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Monday, February 14, 2011

Risky Business

To love someone is very risky business. It means giving your heart to someone. We hope to not have it broken, but instead have it nurtured and cared for in return. This requires trusting the person you've chosen and yourself. This means allowing yourself to be vulnerable to being let down, but also to being happily surprised. I was looking through my poetry, songs, and journals from many years ago. I wrote mostly about love. How it made me feel, what I wanted from it, what I got from it, how it hurt, how it moved me. In reading these old things, I can relate to some and to other parts I think I could see the melodrama oozing off the pages...literally! I rolled my eyes more than once. Some stuff I still really liked because of the cadence of what I had written. I could still hear it in my head just as I had when I'd written it. And then, I found a favorite piece I'd copied down as a reminder of why we love even at the risk of having our hearts broken.

“To love at all is to be vulnerable. Love anything, and your heart will certainly be wrung and possibly broken. If you want to make sure of keeping it intact, you must give your heart to no one, not even to an animal. Wrap it carefully round with hobbies and little luxuries, avoid all entanglements; lock it up safe in the casket or coffin of your selfishness. But in that casket, --safe, dark, motionless, airless—it will change. It will not be broken; it will become unbreakable, impenetrable, irredeemable . . . . The only place outside Heaven where you can be perfectly safe from all the dangers. . . .of love. . .is Hell.”
CS Lewis, "The Four Loves"

CS Lewis wrote my favorite books, the Narnia Series. He is impassioned by the Lord and about the reality of the world in which we live and the lives we've created. With tongue-in-cheek he says to "give your heart to no one" as the only means of keeping it protected from being broken. Doing that will allow your heart to become "unbreakable, impenetrable, irredeemable"...that seems a hefty price to pay. Instead, I agree with Tennyson and would rather to have known love and lost it than to have never loved at all.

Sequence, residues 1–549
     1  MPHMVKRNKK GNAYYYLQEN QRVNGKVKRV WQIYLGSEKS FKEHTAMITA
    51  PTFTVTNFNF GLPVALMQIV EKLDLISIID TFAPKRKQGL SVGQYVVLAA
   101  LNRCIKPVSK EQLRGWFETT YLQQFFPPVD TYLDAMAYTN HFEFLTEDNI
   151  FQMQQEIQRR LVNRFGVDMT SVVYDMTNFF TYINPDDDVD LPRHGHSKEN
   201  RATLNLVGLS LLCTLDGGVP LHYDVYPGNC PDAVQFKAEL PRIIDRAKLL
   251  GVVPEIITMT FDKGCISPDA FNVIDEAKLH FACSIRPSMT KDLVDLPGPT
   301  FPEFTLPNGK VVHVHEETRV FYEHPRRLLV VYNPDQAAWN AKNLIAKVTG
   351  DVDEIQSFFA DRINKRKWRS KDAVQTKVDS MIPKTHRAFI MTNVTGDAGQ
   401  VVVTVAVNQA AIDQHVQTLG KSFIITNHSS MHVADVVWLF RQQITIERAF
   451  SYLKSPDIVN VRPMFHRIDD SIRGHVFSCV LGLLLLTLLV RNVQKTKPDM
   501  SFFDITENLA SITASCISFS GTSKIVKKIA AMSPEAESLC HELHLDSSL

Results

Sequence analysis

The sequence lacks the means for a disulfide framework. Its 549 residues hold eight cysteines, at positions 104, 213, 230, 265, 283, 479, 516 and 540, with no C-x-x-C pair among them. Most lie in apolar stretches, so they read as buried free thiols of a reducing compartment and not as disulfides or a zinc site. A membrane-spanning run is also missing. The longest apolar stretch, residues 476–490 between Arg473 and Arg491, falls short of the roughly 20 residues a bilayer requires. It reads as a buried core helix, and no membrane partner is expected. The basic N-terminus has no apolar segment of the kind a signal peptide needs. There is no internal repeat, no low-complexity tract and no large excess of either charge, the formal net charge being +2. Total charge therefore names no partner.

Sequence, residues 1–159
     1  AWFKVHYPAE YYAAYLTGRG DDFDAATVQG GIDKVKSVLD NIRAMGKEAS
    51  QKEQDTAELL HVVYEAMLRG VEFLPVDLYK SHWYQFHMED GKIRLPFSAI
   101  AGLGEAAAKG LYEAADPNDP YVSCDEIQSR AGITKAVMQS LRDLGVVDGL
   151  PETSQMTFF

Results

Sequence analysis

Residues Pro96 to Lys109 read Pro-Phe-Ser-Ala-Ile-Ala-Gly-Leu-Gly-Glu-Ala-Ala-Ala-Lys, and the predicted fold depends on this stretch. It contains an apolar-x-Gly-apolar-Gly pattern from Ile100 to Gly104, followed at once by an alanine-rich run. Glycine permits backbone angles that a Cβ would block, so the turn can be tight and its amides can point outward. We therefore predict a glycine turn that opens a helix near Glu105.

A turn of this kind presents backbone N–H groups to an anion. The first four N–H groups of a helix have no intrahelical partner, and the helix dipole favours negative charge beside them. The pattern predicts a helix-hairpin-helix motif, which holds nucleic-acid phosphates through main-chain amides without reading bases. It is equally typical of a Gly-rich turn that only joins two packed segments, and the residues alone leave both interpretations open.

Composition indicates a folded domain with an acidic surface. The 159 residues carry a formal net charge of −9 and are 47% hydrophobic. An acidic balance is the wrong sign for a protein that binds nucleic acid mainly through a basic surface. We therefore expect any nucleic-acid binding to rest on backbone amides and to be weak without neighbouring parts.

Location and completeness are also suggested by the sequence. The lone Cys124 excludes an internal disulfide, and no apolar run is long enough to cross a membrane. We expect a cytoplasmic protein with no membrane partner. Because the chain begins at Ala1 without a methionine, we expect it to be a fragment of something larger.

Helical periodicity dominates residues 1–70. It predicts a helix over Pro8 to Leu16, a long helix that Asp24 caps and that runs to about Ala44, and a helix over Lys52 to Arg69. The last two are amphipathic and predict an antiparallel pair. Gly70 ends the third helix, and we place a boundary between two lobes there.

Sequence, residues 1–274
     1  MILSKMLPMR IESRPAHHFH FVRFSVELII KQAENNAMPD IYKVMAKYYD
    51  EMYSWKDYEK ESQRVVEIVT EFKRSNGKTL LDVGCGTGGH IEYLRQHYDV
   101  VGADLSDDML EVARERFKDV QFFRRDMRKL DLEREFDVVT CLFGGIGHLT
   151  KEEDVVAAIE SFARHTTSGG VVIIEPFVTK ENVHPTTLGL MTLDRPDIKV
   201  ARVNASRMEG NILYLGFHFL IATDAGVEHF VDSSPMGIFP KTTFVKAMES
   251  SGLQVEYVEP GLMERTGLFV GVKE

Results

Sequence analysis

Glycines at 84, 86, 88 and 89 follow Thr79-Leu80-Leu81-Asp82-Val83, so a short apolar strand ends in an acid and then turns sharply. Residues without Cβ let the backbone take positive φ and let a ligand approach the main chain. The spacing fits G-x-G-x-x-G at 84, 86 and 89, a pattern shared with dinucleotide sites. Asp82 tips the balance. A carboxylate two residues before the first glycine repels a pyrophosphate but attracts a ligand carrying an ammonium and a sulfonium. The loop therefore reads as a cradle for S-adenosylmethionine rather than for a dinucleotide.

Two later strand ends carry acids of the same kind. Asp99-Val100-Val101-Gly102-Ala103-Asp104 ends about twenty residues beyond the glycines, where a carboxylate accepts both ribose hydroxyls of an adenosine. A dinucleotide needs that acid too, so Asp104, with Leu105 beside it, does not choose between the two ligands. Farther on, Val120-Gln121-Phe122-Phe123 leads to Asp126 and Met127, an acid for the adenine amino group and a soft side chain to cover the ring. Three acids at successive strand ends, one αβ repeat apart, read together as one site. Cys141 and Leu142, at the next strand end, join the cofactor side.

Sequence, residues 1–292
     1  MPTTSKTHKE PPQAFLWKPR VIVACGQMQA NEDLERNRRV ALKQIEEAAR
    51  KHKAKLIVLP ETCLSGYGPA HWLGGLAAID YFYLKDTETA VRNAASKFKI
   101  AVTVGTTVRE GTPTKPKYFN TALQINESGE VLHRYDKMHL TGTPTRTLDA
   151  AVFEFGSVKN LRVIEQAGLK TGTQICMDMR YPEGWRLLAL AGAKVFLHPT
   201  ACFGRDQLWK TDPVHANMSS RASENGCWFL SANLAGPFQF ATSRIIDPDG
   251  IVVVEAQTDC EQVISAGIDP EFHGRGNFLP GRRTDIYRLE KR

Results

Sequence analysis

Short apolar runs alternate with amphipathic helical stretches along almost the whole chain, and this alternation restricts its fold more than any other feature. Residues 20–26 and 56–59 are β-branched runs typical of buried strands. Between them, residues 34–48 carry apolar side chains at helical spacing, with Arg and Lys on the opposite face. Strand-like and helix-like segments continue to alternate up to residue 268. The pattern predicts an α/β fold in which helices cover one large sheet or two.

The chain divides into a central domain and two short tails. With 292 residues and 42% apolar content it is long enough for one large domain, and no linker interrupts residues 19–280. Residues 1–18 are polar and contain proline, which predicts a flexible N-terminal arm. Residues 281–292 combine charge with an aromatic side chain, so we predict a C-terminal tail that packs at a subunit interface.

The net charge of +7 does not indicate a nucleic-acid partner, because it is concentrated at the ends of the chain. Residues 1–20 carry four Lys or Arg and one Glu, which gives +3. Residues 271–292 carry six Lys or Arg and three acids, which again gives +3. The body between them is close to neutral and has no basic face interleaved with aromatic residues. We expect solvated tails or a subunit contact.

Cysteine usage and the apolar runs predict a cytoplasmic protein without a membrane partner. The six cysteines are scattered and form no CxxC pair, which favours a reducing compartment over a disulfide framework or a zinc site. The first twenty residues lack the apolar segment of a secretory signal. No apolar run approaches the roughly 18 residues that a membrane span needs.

We are reminded of the power of our hearts in Proverbs 4:23, "Above all else, guard your heart, for everything you do flows from it." We're not told to stop loving or giving our hearts away, but to "guard" our hearts. This is a reminder that love is a serious emotion. It is not to be entered into lightly. The heart of another person and your own are at stake here. People have died from a broken heart, taken their own life over their broken heart and have taken the lives of others in the name of it and because of it.

I agree wholeheartedly (pun intended) with Robert Tizon, "I would rather have eyes that cannot see; ears that cannot hear; lips that cannot speak, than a heart that cannot love." And I ask us all to remember what Mary Schmich said as we pursue affairs of the heart: "Don't be reckless with other people's hearts, don't put up with those who are reckless with yours."

Happy Valentine's Day!

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